I was raised in Los Alamos, New Mexico, a town whose primary sustenance is the national laboratory found there. As such, I grew up surrounded by highly intelligent and talented scientists, many of whom left their successful careers at the laboratory to dedicate their lives to teaching. In my years there, I grew a strong fondness for math and science, and above all, a fierce passion for learning. After high school, I went on to study at Wellesley College, a small liberal arts college located in the intellectual hub near Boston, where I received my degree in Mathematics.
Like many of my college peers, I could have gone on to make high wages at a prestigious job, but I opted out in an effort to find something that would bring my life the greater sense of fulfillment that I was looking for. Something that would make the work I was doing more worthwhile and meaningful. And, for me, meaning and value came not from money or prestige, but from the ability to contribute to the betterment of society. It was only recently, however, that I realized the fulfillment I was looking for had been right in front of me all along.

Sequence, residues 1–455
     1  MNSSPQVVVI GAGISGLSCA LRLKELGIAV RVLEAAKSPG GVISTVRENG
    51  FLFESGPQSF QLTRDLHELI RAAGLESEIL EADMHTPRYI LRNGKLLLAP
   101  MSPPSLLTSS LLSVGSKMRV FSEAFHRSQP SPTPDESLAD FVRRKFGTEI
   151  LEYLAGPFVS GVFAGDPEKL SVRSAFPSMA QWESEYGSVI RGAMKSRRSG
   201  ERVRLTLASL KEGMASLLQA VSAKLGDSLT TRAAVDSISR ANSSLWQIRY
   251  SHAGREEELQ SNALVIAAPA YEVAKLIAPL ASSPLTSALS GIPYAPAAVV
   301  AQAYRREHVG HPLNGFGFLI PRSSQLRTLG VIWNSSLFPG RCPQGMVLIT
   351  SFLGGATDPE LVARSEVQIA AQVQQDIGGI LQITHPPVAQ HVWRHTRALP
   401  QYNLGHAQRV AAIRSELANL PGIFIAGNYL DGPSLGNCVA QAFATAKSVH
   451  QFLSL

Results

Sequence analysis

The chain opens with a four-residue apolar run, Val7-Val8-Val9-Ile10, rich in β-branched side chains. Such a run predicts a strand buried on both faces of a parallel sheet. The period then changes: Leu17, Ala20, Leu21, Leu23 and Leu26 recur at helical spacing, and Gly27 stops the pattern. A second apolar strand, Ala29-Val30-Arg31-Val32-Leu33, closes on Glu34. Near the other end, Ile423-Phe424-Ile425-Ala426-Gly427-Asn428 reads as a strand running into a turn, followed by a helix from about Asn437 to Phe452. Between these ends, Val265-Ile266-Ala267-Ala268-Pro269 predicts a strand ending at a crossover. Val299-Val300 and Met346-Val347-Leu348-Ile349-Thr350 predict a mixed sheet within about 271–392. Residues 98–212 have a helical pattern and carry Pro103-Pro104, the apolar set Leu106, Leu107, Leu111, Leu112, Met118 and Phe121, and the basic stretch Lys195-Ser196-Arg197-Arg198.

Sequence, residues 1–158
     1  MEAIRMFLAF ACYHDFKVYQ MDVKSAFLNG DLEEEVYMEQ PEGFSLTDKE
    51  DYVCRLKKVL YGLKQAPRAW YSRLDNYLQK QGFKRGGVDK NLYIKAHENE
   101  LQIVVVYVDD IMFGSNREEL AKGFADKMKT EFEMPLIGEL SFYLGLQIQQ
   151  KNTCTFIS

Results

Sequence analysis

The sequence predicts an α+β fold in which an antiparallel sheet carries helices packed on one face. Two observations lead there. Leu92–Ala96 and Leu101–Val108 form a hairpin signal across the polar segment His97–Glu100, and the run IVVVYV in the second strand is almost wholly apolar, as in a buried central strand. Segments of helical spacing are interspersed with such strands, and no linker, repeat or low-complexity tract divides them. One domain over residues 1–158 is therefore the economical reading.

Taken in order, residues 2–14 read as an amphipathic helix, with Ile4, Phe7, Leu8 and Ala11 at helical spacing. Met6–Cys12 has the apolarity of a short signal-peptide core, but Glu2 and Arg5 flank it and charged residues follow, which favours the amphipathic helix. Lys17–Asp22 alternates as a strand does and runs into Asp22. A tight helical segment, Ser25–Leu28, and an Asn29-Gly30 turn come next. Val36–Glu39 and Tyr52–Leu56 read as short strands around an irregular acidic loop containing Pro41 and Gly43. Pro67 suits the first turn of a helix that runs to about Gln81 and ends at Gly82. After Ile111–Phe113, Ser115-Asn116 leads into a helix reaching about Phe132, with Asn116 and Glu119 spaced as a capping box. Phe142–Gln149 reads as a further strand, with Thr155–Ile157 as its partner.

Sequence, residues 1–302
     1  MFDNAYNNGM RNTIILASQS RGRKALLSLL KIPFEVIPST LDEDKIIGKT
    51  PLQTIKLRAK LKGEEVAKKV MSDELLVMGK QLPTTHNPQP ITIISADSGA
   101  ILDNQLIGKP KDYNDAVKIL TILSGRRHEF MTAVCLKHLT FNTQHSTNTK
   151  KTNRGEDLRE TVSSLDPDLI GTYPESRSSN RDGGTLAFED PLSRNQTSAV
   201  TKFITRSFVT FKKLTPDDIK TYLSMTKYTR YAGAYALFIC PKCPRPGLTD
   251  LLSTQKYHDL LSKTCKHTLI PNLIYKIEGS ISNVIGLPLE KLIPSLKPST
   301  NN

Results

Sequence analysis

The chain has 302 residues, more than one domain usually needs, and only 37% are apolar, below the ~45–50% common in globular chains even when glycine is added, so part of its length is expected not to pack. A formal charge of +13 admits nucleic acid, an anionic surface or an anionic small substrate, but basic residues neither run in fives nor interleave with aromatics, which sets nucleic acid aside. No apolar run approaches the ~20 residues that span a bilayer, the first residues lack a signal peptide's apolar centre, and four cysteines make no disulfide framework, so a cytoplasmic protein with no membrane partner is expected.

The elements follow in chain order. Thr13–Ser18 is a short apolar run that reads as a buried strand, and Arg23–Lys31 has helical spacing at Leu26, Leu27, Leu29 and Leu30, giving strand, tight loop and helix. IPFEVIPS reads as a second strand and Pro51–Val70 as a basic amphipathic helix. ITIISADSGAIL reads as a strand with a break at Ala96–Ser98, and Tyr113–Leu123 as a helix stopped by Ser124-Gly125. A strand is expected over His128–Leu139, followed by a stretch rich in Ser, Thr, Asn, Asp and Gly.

An unfortunate event brought about the realization that teaching was the answer to my search. It started with the death of a local math teacher, Mrs. Nash. In the wake of her passing there was an immense sense of loss. Countless people shared stories about Mrs. Nash’s positive impact on them and how much she would be missed. I never met Mrs. Nash, but her impact reached even me. She became a role model, and drove my passion for helping students do the things they thought impossible.
So, as my own education continues, I am excited to move forward with the goal of helping students realize their dreams through education. I realize its importance and impact, and thrive off of its ability to reinvigorate my experience of the world around me.